Kathy Allen 28:10
I am playing with an article with a colleague in Utah who's been very involved over her whole career in child care providers and with child care providers in Utah. And one of the things we were recently observing was how conflicts are mediated through the social contract with these providers. So, when two kids are going at it, it's not a solution. Like you described, it's not the solution of who's right, who's wrong, who should be isolated, et cetera, but how are we together? And they kind of try to figure out what's the development and learning that goes into that deeper question. And I also wondered about the global North and the global South, and the different perspectives and voices that have influenced our evolution as a kind of global society. And I keep wondering, what if the voices of the global South and the experiences of the global South were more vocal, louder than some of the global North, which carries an awful lot of this kind of thinking about dominance, and [Inaudible 29:36] power.
Margaret Wheatley 29:38
Yes, yes, yes. A very large ‘but,’ which is we silenced those voices, ignored them, and corrupted them away from their traditional wisdom and cultures. And now, it's too late. It's too late. I've worked a lot in the global South - my work was primarily in the global South for over a decade. And I'm actually more comfortable working in those environments than in our halls of power in the north. But what's happened is complete… I use the word corruption, that there's been an insistence that any of your traditional wisdom is not modern. You have to get modern; you have to get certified and educated in Western ways. Even in China, there's no basis now and Confucianism where community has been totally corrupted by dictatorships and patriarchy. So, I think, for me, this is what should have been, but what is no longer possible. And that's the view that I bring to everything. If you want to talk about restoring or regenerating anything on this planet, you really have to look at; it is too late? And that's the hard truth. That's my work right now is to take people up to that wall and find a way beyond that wall to discover a truly meaningful contribution.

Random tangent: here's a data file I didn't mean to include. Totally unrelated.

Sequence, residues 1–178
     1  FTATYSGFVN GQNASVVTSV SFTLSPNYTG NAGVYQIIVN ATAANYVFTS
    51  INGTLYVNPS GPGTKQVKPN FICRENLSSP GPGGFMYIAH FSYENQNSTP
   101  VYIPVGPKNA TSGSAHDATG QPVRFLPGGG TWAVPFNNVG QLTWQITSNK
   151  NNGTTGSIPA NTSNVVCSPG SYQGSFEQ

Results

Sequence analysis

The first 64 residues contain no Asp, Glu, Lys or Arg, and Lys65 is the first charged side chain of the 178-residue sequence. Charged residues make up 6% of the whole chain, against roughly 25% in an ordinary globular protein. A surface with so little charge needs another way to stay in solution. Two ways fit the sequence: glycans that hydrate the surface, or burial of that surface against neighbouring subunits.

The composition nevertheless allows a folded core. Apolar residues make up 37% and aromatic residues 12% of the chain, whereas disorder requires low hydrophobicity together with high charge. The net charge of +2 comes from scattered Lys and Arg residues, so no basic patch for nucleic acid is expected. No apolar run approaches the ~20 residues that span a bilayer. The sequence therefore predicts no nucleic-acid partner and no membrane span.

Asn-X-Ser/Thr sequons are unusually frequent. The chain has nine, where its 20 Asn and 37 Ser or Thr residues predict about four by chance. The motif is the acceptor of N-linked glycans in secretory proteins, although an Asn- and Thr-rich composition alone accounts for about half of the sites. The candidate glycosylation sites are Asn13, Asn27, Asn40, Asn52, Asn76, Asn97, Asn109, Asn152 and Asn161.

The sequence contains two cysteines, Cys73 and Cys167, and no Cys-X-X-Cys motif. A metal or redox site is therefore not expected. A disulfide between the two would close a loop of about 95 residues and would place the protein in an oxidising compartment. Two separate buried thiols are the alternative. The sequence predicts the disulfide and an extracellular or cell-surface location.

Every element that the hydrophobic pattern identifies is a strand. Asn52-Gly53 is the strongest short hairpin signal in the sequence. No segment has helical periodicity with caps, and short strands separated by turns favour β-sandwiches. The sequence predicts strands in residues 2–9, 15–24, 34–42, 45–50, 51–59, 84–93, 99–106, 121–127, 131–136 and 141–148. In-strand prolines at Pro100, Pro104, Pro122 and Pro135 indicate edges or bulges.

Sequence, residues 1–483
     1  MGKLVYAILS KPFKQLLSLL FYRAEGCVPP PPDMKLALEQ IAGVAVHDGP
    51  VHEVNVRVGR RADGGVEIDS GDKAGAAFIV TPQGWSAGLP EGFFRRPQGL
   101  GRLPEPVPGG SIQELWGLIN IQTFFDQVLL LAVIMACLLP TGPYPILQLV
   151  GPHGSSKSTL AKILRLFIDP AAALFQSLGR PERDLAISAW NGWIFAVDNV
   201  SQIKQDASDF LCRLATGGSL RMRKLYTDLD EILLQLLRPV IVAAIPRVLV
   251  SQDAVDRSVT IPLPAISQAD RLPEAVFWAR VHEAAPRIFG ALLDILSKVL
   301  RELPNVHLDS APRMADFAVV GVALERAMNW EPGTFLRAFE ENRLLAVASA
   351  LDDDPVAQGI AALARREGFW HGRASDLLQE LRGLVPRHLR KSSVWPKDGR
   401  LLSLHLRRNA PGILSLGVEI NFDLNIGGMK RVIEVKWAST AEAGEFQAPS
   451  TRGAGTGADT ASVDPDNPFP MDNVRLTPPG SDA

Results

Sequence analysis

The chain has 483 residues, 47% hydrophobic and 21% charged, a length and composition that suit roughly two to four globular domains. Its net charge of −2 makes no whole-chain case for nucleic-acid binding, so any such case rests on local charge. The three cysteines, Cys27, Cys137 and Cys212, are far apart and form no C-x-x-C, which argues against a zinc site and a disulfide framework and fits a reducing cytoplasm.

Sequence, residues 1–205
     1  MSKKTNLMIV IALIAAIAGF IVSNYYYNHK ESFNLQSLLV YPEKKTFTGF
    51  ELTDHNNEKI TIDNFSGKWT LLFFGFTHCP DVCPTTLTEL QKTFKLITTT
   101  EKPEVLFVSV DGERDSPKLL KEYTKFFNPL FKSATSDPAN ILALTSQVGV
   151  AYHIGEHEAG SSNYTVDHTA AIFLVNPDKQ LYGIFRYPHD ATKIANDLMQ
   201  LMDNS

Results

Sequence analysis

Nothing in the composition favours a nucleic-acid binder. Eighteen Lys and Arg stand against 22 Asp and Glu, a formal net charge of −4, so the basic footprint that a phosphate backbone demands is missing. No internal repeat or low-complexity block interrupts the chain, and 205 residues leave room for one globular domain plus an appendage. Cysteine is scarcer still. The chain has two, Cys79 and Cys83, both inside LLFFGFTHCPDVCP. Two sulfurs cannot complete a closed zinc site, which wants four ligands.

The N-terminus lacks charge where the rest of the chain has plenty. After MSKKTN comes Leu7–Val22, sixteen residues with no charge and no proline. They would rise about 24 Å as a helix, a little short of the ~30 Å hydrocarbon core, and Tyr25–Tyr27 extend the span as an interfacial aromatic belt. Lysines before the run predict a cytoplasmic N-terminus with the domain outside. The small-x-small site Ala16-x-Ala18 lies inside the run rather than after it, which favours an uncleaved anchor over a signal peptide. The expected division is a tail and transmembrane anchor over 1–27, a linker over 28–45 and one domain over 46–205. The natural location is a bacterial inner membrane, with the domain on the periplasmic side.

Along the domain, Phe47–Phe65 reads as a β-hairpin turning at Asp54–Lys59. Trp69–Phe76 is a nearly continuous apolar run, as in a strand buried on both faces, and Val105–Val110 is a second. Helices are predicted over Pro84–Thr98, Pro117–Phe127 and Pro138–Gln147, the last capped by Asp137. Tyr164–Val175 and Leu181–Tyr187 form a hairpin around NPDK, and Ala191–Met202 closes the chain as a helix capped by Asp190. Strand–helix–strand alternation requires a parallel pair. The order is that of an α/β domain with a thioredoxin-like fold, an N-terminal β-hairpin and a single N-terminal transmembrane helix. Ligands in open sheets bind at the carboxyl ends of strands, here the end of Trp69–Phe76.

Scott Allen 31:39
What's your sense of some ways that we get beyond that wall? And I know that we've probably touched on some of them in our conversation, Meg, but what are two or three things that you're thinking about as part…
Margaret Wheatley 31:52